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Brendan Fisher

Organic Chemist

UTAS School of Physical Sciences

Brendan Fisher, a 23 year old student born and raised in Hobart. I completed my undergraduate degree in Biotechnology and Medical Research last year and am now doing an Honours degree in Chemistry.

Throughout my degree I’ve studied many subjects, including chemistry, biochemistry, molecular biology and biotechnology. University was always my planned pathway, as I knew it would provide me with the right qualifications and knowledge to pursue a fulfilling career and indeed, life. This has proved to be true so far, and through studying at UTAS I’ve broadened my knowledge and skills beyond what I could have imagined. The passionate and skilled teachers I have learned from in every school I’ve attended are the most important influences for my education and career in science.

My current research project involves recreating special plant hormones called “strigolactones”. In nature, plants use these hormones to gain much needed nutrients to help themselves stay strong and healthy; and scientists who work with plants need access to lots of these hormones to carry out their own experiments. So my job is to create synthetic copies of strigolactones in large quantities to supply the School of Plant Science. I am also looking for better ways to make these hormones quickly and cheaply.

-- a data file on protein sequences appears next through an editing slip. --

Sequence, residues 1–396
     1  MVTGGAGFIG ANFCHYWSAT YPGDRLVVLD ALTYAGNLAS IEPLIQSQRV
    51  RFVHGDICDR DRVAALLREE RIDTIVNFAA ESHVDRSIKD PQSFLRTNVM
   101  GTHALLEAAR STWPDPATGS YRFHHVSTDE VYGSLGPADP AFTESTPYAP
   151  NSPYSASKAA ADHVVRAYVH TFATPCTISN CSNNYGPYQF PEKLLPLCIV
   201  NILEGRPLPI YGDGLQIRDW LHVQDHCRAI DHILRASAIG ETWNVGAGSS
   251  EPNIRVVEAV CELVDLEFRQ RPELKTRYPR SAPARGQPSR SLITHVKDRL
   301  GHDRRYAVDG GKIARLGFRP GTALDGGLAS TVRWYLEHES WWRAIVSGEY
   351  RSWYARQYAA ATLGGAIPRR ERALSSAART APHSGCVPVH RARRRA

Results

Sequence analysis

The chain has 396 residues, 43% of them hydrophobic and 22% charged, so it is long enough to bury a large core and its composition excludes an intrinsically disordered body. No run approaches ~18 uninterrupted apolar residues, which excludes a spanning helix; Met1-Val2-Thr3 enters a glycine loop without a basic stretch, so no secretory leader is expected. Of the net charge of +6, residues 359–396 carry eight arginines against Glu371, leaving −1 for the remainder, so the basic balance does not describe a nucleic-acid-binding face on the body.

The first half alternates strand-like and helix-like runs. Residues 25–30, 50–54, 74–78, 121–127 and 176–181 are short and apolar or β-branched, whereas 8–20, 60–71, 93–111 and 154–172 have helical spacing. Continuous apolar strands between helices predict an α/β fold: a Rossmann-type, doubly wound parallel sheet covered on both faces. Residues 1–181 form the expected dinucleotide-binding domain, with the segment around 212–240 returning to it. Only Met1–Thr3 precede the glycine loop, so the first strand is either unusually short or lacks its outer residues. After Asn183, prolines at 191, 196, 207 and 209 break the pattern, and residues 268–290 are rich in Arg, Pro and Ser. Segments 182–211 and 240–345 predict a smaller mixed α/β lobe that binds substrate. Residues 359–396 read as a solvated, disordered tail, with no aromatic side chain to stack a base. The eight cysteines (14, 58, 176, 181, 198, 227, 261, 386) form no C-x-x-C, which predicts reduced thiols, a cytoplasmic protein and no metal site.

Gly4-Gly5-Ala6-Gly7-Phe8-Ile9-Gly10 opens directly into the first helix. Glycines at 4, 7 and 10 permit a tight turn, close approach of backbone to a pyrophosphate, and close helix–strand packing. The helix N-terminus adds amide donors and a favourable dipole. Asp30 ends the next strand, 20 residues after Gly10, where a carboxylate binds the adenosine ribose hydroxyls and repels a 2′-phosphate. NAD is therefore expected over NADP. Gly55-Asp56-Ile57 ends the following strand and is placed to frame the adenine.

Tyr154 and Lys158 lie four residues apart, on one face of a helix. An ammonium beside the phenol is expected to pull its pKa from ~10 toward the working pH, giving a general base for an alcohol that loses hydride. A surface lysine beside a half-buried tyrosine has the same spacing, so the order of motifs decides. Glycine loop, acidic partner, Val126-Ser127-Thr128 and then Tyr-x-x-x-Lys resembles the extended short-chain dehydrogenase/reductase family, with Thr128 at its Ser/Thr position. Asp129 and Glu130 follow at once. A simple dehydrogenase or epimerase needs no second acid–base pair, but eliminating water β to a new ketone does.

After completing my Honours year I hope to pursue more post-graduate study and research, hopefully through a PhD program at UTAS or interstate. My main goals are to conduct research in organic synthesis, teach in a university and to work overseas.

I love organic chemistry and chemistry in general, however all aspects of science continue to inspire me every day. The methods of science, the feeling of discovery, the sheer body of knowledge and frighteningly ingenious discoveries are amazing to immerse yourself in and I aspire to play an active role in this every day. I love organic chemistry the most as it enables us to make molecules in a flask that nature took billions of years to develop, or might not ever have existed at all!

For more information: www.utas.edu.au/chemistry